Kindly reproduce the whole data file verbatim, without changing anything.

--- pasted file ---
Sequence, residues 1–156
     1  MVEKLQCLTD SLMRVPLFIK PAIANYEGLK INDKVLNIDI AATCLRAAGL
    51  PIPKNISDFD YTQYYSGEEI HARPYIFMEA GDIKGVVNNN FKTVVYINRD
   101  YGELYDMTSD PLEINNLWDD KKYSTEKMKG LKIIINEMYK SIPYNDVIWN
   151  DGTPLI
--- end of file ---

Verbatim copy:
Sequence, residues 1–156
     1  MVEKLQCLTD SLMRVPLFIK PAIANYEGLK INDKVLNIDI AATCLRAAGL
    51  PIPKNISDFD YTQYYSGEEI HARPYIFMEA GDIKGVVNNN FKTVVYINRD
   101  YGELYDMTSD PLEINNLWDD KKYSTEKMKG LKIIINEMYK SIPYNDVIWN
   151  DGTPLI